Paolo Bea Sagrantino di Montefalco Pagliaro 2015


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“The 2015 Montefalco Sagrantino Pagliaro is spicy and sweetly scented, opening with a burst of exotic sweet curries, dusty rose, currants and tobacco. Here the energy is dialed up a notch, matching silky textures with mineral-tinged red and black fruits that gain tension through a saturation of primary concentration as fine tannins mount toward the close. A slight twang of bitterness lingers through the lightly structured finale, yet with a burst of inner sweetness that balances it all out beautifully. The 2015 will benefit from further cellaring, yet it’s hard to keep my hands off it already. But, waiting will provide the most reward. Drinking window: 2024-2033. 93 points

Paolo Bea doesn’t necessarily follow organic or biodynamic principles, although you’d be hard-pressed to find a more natural approach. The family farms five hectares of vineyards that are primarily located near the estate, some (as in the Cerrette vineyard) reaching up to 500 meters above sea level. Whether discussing natural wine or listening to the fermenting Sagrantino bubbling in the cellar, Giampiero Bea’s passion is enlightening. Bea takes great pride in the old-vine Trebbiano Spoletino he cares for throughout the entire region. These vines are truly married (“vite maritata”), with the trees planted in between them, circling up their trunks and along their limbs. There are 15 different parcels like this throughout Montefalco that are used to create the Arboreus, each one only a small row or two, and tended for with exceptional attention, as one needs to climb up to the limbs of the tree to trim, maintain and harvest. A tour of the vineyards includes ancient grains and fauna used to promote biodiversity. Watching Giampiero Bea prepare and pour each bottle felt like being in a church rather than a winery, as each wine was handled like an icon or relic in preparation. In the past, I’ve spoken about the variation that can sometimes be found in these wines due to their low sulfur levels and occasional volatility. Still, from the 18 bottles that were opened and tasted, not a single one showed any sign of flaws. This alone reaffirms the importance of trusting the source of your bottle. The vintages in front of me were 2015 (hot and dry), 2016 (warm yet fresh, especially around harvest) and 2017 (torrid with reduced quantities), which reflect the continuing warming trend in the region. Unlike many other producers, Bea has managed to cull magnificently balanced wines from each year, especially 2016, where the house style and the vintage characteristics have come together to create some exceptional wines. The wines of Paolo Bea are rare, sometimes quirky, not cheap and prone to damage from storage conditions, but they are also among the absolute top wines being made in Italy today.”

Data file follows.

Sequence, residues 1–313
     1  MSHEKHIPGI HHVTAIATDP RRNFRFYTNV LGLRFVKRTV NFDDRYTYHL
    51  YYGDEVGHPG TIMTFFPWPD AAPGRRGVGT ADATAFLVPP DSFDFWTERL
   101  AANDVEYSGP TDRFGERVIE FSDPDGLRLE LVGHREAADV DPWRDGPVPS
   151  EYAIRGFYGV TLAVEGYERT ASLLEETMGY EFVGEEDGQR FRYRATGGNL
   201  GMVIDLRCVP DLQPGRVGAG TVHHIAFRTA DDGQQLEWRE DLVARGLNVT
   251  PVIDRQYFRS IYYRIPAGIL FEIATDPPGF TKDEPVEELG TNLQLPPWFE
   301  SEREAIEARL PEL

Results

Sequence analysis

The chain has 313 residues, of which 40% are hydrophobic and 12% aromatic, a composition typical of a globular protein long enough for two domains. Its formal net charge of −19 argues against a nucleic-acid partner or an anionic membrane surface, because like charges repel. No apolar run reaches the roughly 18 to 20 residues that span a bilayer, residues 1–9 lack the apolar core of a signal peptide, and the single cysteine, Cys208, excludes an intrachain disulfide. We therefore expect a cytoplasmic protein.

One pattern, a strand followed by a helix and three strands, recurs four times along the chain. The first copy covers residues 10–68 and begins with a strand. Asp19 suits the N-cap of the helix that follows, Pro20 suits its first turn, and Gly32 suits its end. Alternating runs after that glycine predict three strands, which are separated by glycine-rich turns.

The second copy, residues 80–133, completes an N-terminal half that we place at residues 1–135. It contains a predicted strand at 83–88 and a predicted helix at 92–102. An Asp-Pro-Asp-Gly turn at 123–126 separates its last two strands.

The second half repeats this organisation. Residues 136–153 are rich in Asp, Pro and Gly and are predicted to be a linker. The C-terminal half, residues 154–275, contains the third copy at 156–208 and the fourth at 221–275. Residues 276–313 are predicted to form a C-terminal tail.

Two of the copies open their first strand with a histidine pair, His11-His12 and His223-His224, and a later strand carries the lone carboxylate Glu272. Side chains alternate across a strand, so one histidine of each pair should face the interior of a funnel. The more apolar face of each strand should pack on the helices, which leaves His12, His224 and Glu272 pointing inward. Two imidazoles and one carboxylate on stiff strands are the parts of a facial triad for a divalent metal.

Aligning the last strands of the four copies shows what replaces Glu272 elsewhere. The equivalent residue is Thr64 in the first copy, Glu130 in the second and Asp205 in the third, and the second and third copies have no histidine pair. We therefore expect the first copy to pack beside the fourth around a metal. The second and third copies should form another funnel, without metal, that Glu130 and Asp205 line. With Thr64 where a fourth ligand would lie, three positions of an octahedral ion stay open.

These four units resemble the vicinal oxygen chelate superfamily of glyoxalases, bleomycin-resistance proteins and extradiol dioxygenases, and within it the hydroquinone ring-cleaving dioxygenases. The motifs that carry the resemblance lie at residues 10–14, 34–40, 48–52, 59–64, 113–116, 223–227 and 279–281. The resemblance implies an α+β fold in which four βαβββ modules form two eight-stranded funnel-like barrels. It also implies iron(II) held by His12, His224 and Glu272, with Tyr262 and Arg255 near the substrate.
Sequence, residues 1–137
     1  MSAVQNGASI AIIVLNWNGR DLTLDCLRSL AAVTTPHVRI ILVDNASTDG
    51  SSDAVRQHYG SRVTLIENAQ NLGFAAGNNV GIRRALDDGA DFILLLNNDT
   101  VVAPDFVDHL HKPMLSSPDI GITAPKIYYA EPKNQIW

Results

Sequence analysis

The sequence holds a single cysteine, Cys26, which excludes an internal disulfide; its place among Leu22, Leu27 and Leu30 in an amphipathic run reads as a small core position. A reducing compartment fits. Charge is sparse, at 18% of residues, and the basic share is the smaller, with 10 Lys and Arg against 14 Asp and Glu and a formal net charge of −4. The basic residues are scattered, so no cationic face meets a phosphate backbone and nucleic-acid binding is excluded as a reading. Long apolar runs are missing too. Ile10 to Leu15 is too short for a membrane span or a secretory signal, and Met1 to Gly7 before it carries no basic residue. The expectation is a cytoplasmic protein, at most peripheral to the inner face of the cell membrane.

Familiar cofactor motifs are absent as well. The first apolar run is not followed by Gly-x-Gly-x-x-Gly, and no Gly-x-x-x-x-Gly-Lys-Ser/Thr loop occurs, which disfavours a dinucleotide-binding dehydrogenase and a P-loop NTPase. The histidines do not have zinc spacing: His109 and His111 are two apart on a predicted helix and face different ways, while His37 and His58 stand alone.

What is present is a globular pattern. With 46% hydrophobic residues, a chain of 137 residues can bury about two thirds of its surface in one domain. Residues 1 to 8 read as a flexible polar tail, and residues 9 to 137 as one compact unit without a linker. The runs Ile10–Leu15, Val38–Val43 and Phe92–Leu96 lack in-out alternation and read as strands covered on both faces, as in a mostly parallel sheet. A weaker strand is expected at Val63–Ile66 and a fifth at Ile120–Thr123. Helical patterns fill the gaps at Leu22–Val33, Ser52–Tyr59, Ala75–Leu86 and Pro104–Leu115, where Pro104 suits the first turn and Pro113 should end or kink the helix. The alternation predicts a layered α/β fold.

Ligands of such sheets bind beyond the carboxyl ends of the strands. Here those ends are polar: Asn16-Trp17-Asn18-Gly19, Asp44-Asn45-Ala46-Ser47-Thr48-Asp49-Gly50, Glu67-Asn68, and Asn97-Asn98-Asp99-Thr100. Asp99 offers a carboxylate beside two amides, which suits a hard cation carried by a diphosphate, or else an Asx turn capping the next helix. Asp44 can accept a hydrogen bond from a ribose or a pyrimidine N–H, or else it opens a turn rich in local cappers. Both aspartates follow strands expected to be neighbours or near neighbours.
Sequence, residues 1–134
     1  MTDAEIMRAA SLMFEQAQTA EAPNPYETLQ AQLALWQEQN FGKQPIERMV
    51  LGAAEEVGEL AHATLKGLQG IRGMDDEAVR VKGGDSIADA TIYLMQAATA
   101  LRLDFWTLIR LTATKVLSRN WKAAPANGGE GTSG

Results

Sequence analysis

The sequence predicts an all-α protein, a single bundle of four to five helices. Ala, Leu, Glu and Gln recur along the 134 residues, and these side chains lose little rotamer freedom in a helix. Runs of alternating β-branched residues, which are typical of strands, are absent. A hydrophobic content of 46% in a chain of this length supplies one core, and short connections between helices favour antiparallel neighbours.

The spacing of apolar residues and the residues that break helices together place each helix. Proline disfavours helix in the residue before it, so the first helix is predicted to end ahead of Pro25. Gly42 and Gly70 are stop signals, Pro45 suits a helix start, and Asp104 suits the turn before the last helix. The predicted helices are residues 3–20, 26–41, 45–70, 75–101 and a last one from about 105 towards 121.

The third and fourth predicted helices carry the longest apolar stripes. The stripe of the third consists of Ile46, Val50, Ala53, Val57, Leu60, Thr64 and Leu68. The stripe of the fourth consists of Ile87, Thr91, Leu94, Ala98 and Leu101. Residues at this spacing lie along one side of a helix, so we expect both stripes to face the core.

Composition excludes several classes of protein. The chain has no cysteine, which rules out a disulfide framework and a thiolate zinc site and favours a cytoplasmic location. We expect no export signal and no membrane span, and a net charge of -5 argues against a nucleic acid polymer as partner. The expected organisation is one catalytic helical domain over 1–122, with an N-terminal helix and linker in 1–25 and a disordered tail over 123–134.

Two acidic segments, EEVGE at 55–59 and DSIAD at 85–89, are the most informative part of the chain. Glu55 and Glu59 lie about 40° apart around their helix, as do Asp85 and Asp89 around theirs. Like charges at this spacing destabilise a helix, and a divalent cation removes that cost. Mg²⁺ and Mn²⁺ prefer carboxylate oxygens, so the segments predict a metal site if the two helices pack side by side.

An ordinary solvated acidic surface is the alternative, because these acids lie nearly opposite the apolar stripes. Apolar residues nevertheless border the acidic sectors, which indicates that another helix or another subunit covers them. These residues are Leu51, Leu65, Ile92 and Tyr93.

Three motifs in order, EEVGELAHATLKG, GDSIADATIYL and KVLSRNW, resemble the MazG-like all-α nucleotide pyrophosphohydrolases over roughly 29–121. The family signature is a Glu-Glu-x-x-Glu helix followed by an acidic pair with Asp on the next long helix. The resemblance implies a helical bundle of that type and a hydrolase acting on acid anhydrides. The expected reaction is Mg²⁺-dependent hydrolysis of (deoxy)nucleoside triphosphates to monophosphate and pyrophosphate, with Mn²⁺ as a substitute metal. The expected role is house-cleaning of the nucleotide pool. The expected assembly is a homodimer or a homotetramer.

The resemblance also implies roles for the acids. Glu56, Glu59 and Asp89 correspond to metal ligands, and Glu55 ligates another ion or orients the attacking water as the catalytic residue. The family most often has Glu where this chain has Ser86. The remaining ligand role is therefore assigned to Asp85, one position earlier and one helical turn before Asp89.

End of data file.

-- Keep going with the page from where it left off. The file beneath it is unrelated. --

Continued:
Eric Guido, Vinous (11/22)